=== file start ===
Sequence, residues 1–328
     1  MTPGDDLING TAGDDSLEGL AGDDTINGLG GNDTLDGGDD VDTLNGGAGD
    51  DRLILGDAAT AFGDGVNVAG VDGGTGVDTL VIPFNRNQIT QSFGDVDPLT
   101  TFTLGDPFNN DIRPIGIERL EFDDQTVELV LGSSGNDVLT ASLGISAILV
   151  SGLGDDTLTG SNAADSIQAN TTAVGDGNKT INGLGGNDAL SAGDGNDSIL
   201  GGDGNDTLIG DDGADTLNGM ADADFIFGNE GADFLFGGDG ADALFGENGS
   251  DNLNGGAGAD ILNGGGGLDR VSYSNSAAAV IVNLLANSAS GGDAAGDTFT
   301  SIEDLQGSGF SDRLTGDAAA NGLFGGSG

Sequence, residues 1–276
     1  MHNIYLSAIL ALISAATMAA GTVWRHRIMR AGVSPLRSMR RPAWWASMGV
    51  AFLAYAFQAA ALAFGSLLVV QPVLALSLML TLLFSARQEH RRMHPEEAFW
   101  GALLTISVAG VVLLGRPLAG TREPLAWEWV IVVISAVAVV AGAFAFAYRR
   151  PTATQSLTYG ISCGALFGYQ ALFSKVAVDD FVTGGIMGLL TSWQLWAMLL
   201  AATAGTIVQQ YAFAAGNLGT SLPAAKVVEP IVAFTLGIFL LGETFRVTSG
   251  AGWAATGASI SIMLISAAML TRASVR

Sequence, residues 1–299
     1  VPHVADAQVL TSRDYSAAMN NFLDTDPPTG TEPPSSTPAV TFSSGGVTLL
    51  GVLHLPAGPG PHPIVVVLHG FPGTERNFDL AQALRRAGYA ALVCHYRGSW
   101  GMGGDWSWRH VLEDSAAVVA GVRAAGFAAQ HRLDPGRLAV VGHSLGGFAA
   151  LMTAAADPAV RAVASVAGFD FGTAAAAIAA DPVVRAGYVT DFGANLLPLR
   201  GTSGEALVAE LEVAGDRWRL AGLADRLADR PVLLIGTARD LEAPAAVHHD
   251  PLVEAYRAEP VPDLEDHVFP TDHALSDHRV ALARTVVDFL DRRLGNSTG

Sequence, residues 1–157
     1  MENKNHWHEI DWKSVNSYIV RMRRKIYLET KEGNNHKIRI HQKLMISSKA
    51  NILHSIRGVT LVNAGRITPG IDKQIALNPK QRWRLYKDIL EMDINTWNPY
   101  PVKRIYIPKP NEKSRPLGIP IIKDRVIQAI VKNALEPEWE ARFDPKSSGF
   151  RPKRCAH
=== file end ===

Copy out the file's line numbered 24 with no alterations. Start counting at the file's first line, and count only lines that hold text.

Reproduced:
     1  MENKNHWHEI DWKSVNSYIV RMRRKIYLET KEGNNHKIRI HQKLMISSKA